BRIEF SUMMARY OF THE INVENTION

To provide an inexpensive single-piece plastic shotshell which can be repeatedly reloaded without failure at the rim of the head and without growth in length, we soften only the very outer end portion of a uniformly biaxially orientedthermoplastic tube section only sufficiently for forming and to create a dollup thereat, then telescope the dollup at least partially within the non-softened sidewalls of the tube, and then form the dollup into a substantially thickened integralbiaxially oriented base section which may, of itself, constitute a combined basewad and head. The non-telescoped portion precludes access to the rim of the hot high pressure gases generated upon firing, and thereby obviates failure of the rim of thehead or the need for resizing the same, and at the same time precludes growth in length of the casing.

It is a general object of our invention to provide methods and apparatus for manufacturing an improved highly reloadable single-piece all plastic shotshell casing having rigid sidewalls and an integral basewad, each of which is fixed relative tothe other and substantially biaxially oriented.

A more specific object is to provide such a one-piece shotshell constructed and arranged to minimize or eliminate, substantial distortions of the head and failure of metal head rims, and plastic-tube failure and longitudinal growth of sidewalls.

BREIF DESCRIPTION OF THE DRAWINGS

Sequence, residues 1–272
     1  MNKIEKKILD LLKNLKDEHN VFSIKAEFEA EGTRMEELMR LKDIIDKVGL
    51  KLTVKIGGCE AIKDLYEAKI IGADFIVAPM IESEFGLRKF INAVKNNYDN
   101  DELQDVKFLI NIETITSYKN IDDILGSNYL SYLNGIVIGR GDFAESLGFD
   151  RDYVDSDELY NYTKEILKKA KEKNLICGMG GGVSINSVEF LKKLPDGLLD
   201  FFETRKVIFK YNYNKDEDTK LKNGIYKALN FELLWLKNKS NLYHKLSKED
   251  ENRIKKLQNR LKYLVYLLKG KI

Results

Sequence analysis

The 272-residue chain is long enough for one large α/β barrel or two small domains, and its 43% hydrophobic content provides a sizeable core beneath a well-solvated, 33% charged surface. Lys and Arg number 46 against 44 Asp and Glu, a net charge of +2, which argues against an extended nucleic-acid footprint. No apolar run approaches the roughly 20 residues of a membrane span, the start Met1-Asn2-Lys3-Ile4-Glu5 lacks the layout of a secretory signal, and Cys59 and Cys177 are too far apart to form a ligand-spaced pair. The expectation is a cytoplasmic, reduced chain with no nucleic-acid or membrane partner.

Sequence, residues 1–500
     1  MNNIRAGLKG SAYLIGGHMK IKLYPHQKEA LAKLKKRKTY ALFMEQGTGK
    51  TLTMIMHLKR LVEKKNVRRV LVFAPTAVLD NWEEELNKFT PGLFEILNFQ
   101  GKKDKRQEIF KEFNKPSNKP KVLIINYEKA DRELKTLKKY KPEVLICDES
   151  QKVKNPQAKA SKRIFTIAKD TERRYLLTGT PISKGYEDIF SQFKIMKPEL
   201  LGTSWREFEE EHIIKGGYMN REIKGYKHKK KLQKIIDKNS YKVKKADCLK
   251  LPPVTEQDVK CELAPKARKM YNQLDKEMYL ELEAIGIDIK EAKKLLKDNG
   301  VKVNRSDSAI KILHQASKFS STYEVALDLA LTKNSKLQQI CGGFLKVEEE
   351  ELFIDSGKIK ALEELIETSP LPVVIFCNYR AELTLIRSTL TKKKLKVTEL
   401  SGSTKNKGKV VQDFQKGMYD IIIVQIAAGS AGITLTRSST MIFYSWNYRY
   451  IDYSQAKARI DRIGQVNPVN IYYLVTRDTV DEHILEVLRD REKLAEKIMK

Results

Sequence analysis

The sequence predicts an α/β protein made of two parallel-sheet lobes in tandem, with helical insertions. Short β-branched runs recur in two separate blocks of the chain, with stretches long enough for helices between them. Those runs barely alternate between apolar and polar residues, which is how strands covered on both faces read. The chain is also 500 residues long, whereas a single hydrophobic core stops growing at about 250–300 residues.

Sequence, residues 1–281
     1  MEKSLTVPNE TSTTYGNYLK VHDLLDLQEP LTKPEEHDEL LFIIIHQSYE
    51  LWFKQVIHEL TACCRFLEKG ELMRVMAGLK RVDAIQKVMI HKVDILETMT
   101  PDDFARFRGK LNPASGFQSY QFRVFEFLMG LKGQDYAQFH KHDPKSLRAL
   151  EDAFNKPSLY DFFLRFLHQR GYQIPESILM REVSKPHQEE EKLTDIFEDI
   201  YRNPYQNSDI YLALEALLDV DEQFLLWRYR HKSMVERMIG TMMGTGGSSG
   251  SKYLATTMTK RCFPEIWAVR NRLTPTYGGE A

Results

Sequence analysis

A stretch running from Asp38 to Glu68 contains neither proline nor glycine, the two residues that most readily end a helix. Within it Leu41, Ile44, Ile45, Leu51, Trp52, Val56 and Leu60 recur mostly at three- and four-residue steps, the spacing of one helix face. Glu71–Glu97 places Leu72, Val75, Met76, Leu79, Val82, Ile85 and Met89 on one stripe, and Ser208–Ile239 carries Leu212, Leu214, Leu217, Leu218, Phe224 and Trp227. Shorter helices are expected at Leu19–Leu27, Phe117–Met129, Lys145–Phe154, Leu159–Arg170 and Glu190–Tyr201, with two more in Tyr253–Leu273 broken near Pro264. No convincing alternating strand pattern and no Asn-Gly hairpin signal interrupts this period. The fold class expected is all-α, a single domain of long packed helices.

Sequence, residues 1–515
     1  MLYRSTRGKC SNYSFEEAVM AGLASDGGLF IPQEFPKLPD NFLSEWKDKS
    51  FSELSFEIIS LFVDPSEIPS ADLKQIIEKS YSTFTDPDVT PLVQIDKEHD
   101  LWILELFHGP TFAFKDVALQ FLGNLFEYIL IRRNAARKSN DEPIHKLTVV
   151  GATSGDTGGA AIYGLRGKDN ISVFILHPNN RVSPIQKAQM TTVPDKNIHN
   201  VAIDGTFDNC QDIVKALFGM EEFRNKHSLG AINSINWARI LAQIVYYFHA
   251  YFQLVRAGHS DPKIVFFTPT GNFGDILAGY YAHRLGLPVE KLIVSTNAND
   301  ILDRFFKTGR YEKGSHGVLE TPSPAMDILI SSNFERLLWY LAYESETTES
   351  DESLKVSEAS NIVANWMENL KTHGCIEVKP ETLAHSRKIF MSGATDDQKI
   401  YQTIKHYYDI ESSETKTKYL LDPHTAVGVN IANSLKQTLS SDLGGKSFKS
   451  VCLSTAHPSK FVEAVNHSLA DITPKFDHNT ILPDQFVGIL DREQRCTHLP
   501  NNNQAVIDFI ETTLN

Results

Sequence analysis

A detailed description of one preferred embodiment of the shotshell casing with partially telescoped basewad is hereafter described with specific reference being made to the drawings in which:

FIG. 1 is a vertical sectional view showing a punch supporting a piece of biaxially oriented Reifenhauser tubing, the upper extreme end of which has been heated until a dollup is formed thereon;

FIG. 2 is a vertical sectional view of a pair of die members cooperating to partially telescope the dollup of FIG. 1 within the rigid supporting sidewalls of the tube;

FIG. 3 is a vertical sectional view showing the two dies of FIG. 2 cooperating with the punch to form the entire dollup into a basewad;

FIG. 4 is a vertical sectional view of the interior die member of FIG. 3 ejecting the finished casing; and

FIG. 5 is a vertical sectional view of the casing of FIG. 4 with a metal head applied thereto.

DETAILED DESCRIPTION OF THE INVENTION

It is preferred that the polymeric materials to be utilized herein be of the crystalline type which, upon being worked, as by being extruded or stretched, undergo crystalline orientation. Orientation of the crystalline structure along the majoraxis of a shotshell tube of such polymeric materials produces an increase in tensile strength along the axis of the tube. Circumferentially stretching such a tube creates biaxial orientation.